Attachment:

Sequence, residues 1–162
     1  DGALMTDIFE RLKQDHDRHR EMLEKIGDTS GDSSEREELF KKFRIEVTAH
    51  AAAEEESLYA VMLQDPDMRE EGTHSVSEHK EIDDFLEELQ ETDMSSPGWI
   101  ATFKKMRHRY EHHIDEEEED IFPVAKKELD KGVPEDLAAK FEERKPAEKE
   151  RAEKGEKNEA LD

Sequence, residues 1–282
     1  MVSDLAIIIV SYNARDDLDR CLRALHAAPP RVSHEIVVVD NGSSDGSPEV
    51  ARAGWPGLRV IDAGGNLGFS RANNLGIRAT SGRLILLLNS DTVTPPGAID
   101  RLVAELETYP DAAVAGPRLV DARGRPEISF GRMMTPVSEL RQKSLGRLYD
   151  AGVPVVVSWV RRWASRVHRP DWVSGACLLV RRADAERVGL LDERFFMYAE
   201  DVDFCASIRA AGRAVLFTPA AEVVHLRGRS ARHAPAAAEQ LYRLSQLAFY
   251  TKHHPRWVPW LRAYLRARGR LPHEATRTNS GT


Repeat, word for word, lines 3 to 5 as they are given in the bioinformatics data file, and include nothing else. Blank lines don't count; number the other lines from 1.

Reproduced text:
    51  AAAEEESLYA VMLQDPDMRE EGTHSVSEHK EIDDFLEELQ ETDMSSPGWI
   101  ATFKKMRHRY EHHIDEEEED IFPVAKKELD KGVPEDLAAK FEERKPAEKE
   151  RAEKGEKNEA LD